French court strips Obiang of local assets after embezzlement conviction
Friday, November 3, 2017 at 8:28AM
Richard L. Cassin in France, Kleptocracy Asset Recovery Initiative, Teodorin Obiang

A French court last week convicted Teodoro Nguema Obiang Mangue, the vice president of Equatorial Guinea and son of the president, of embezzling public money and spending it on himself.

The judge confiscated all of Obiang's assets in France, fined him €30 million ($35 million), and gave him a suspended three-year prison sentence.

The court said Obiang used the stolen money to buy a 20-room apartment in Paris worth about €80 million ($93 million), a fleet of luxury cars, and high-end art.

Obiang's government salary was less than $100,000 a year.

In 2014, the U.S. DOJ brought a forfeiture action against Obiang under the Kleptocracy Initiative.

In a settlement, Obiang was forced to sell a $30 million mansion in Malibu, California and donate the money to a charity to help people in Equatorial Guinea.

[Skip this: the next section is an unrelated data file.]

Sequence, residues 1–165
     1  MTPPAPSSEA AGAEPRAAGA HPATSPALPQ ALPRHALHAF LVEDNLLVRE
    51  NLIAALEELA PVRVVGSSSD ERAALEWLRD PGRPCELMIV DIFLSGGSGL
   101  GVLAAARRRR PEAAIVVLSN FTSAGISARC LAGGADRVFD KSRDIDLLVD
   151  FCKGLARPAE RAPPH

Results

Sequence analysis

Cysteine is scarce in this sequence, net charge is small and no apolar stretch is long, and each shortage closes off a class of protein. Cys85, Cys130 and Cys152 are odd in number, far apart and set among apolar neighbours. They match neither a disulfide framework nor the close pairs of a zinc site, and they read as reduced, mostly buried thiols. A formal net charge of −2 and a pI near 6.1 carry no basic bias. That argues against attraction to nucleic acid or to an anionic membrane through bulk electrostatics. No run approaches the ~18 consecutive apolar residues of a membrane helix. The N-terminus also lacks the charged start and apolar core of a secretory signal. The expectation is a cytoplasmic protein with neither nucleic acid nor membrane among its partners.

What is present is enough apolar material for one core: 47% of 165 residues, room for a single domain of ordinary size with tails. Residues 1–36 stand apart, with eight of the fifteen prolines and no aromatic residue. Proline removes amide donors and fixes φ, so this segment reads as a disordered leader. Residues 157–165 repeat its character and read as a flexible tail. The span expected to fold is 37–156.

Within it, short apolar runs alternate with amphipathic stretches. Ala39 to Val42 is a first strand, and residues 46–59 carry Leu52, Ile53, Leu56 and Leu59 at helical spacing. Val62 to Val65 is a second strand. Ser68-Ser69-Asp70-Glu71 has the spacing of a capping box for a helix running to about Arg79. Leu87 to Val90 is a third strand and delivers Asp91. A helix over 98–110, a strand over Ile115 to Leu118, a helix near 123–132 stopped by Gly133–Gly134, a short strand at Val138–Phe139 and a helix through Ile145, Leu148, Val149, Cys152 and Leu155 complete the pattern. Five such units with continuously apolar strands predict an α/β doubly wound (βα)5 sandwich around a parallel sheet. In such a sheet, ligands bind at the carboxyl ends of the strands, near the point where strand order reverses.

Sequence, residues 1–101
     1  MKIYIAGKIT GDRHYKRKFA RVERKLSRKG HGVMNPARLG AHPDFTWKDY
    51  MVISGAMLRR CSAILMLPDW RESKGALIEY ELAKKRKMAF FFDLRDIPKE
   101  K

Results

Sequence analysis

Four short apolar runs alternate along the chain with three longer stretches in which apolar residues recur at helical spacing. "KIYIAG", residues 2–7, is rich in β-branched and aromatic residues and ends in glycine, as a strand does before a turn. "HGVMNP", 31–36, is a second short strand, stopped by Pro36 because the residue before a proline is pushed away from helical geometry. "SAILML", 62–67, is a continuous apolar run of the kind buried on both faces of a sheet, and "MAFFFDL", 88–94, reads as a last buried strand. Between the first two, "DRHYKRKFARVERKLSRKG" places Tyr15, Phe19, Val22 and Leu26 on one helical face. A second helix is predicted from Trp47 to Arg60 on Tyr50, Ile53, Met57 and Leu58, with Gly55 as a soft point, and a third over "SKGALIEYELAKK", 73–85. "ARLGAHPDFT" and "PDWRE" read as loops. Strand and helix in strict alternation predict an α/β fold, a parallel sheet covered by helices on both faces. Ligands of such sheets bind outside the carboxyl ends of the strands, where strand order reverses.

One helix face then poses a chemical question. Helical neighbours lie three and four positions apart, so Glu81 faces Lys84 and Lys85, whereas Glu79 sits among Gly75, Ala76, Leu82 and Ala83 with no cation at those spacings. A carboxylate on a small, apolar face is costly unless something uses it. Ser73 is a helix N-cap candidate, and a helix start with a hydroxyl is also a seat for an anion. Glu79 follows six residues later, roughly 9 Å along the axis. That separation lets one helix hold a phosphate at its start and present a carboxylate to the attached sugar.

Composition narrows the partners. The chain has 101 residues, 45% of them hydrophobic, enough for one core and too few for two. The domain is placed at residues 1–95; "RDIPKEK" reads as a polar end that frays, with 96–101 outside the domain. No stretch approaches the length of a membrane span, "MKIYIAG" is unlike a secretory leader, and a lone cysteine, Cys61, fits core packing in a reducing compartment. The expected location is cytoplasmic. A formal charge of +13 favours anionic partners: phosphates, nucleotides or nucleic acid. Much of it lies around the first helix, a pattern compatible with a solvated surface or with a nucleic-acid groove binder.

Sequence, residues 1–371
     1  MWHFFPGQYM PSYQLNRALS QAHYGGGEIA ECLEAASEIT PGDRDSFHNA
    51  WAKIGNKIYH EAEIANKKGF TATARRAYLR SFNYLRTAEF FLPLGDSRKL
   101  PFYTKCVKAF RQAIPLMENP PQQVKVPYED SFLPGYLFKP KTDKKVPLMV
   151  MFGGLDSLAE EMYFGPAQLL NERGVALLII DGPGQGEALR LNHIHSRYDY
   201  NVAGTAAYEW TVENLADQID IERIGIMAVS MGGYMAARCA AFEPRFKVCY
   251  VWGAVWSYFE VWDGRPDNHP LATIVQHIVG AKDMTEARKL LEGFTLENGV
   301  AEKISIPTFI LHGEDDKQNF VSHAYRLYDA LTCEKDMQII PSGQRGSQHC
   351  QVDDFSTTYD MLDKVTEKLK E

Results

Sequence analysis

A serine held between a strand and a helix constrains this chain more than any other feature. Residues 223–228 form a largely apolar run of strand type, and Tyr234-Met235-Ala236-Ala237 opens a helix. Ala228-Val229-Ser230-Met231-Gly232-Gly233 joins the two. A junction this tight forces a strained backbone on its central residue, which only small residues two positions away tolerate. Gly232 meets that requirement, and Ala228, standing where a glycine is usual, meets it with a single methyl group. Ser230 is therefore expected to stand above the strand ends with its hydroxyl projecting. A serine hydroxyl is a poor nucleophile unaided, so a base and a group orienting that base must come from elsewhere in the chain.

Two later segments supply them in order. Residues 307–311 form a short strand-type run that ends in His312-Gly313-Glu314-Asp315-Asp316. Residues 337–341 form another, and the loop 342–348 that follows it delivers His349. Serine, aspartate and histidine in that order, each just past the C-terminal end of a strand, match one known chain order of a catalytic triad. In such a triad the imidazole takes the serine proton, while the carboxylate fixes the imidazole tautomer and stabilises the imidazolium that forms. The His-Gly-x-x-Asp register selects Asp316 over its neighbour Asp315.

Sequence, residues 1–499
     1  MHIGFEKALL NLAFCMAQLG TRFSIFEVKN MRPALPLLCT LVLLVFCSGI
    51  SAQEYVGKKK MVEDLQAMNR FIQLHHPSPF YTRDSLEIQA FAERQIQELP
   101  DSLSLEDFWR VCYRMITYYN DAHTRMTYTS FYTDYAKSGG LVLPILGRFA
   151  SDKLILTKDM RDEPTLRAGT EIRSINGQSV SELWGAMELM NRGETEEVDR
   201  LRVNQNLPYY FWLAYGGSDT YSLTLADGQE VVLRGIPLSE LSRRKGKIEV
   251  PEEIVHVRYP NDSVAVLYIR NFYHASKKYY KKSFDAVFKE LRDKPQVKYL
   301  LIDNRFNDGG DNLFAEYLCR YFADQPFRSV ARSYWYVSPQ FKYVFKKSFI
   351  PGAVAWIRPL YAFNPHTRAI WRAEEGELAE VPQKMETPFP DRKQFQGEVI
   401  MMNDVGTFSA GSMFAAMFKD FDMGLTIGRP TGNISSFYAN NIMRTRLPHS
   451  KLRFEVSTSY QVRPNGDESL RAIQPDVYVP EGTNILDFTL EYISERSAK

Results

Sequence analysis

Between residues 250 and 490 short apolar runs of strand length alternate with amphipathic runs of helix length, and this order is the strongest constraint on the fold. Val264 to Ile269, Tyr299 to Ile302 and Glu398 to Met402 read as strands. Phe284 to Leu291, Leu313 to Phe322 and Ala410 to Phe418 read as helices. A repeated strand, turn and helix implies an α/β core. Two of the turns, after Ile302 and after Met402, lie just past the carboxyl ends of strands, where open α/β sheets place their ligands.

He also forfeited a Ferrari and Michael Jackson memorabilia, and another $10.3 million in cash. The DOJ said the assets were "the proceeds of corruption." 

Despite the country's oil wealth, 70 percent of Equatorial Guinea's one million people are poor. Nearly half  lack access to clean water. In 2016, 42 percent of the kids weren't registered in primary school.

Meanwhile, Obiang is known as the "Playboy of Instagram" for showing off his wealth on social media.

The French investigation of Obiang started in 2010 after Transparency International France and Association Sherpa filed a complaint.

Obiang -- who was promoted from minister of agriculture and forestry to vice president after the French investigation started -- claimed immunity from prosecution. But the judge in Paris ruled that the trial should go ahead.

Obiang wasn't in France during the trial.

Here's a clip from the Economist about Obiang and his Instagram lifestyle.

 

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Richard L. Cassin is the publisher and editor of the FCPA Blog.

Article originally appeared on The FCPA Blog (https://www.fcpablog.com/).
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